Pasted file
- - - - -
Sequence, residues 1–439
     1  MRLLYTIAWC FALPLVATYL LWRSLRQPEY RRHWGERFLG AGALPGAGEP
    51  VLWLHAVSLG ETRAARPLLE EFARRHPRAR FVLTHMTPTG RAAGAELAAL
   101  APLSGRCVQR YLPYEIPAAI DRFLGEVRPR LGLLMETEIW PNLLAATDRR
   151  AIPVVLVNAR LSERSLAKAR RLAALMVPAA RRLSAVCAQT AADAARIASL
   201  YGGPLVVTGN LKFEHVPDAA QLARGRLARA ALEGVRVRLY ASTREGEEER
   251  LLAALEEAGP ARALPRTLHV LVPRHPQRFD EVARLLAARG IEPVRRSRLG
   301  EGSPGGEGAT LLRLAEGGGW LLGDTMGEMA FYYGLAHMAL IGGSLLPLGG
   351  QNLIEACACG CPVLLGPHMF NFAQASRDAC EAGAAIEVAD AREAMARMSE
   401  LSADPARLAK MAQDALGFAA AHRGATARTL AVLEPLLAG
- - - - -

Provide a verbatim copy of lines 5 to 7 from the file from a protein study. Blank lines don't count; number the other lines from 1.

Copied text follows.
   151  AIPVVLVNAR LSERSLAKAR RLAALMVPAA RRLSAVCAQT AADAARIASL
   201  YGGPLVVTGN LKFEHVPDAA QLARGRLARA ALEGVRVRLY ASTREGEEER
   251  LLAALEEAGP ARALPRTLHV LVPRHPQRFD EVARLLAARG IEPVRRSRLG